Jacob's Creek fights for beer's 'share of throat' at cricket
Jacob’s Creek is the latest drinks brand to position itself as an alternative to beer with a new campaign encouraging Australian beer drinkers to switch their usual habits to wine while watching cricket.
The ‘Call Stumps on Beer’, featuring former cricketer Brett Lee, follows the long-running ‘Over Beer?’ campaign, that launched with another cricketer David Boon.
When the Canadian Club campaign launched Boon, who urban legend has attributed with drinking 52 cans of beer on a flight to London, was quoted as saying he still enjoyed beer.
“I still enjoy a beer every now and then, but more often I’m finding it isn’t the refreshing drink I was after. My taste buds have definitely got more refined over the years, and I felt it was time for a change.”
In the latest swipe at beer, Lee also swipes Boon’s lines.
“Whilst I support having a cold beer whilst watching the cricket, when you’re ready to switch nothing beats a beautiful glass of Australian wine. Jacob’s Creek has something for every taste. It’s time to Call Stumps on Beer, friends!”
Lee, who was recently announced as a Jacob’s Creek Ambassador, pitched wine as a more mature drink.
“When you become of drinking age in Australia, generally, wine isn’t first on the list, but as you get older and more mature with your tastebuds, you enjoy sitting down and having a nice glass of wine,” he said.
Lee’s appointment as a Jacob’s Creek ambassador followed the Pernod Ricard-owned brand partnering with the International Cricket Council as its official wine partner for events till 2023.
Beer, which had long been viewed as Australia’s national alcoholic drink, has increasingly been a target for competing alcohol categories as consumer tastes evolve away from the bitter character of traditional mainstream beers. Without the stereotyped cultural pressure on young men, in particular, to adopt beer as their adult beverage of choice, competing products have increasingly seen opportunities to target these changing tastes.
Beer has also faced an increasing image problem as being a product out of touch with contemporary Australian identity, identified even by the brewing industry as being seen as blokey, unhealthy and boring. This negative perception, to some extent created by beer marketers, hasn’t prevented those same marketers from pitching their low-carb and near-beer offerings as being “better for you” than beer.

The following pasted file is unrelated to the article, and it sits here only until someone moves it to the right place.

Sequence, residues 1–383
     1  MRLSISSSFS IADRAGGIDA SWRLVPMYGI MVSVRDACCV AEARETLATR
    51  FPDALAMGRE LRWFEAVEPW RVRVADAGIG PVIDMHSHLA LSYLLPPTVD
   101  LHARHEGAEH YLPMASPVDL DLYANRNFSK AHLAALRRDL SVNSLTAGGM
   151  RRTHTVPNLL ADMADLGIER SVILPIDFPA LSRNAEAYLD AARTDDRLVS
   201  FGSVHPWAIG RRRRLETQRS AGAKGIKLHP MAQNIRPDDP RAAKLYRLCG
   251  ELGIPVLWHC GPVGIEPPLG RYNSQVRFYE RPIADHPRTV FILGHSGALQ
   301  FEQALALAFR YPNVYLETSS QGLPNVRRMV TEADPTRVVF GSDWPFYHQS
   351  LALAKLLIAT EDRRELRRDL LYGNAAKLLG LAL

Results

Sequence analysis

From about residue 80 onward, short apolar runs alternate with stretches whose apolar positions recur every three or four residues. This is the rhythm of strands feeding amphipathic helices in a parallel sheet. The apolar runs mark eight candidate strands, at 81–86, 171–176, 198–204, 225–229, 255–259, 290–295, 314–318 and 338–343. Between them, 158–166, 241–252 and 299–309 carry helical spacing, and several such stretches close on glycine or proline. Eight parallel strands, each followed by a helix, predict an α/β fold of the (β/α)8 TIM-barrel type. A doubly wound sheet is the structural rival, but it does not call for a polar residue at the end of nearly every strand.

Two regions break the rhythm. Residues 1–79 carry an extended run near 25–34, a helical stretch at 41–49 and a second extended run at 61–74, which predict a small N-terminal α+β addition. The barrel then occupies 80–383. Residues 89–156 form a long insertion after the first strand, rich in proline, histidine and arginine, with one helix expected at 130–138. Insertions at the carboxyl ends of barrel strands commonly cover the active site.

In response to the recognition that beer faced challenges, the Brewers Association in 2014 announced a plan to bust myths and negative perceptions associated with the beer category and return mainstream beer to growth.
The initiatives were reportedly aimed at creating a “vibrant beer culture” in Australia and planned to involve the association’s members. The united campaign never eventuated, with Lion instead going alone with its Beer: The Beautiful Truth campaign, an approach compromised by its need to conform more to Lion’s own brand marketing goals than meaningfully confronting consumer perceptions.
Even Lion’s then managing director James Brindley acknowledged that any improvement in the public perception was at best slight as a result of the campaign.
The Jacob’s Creek campaign was created by FLARE, whose head of social & content, Lewis Steele, said the campaign came as a result of wine being seen as a drink increasingly relevant to a wider array of occasions.
“Becoming a sponsor of the International Cricket Council was an unexpected move for Jacob’s Creek, but a welcome one as wine continues to become the go-to drink for even more occasions,” he said.”
“It was the perfect opportunity to have a bit of fun with the campaign launch, with a client who is always up for doing interesting work.”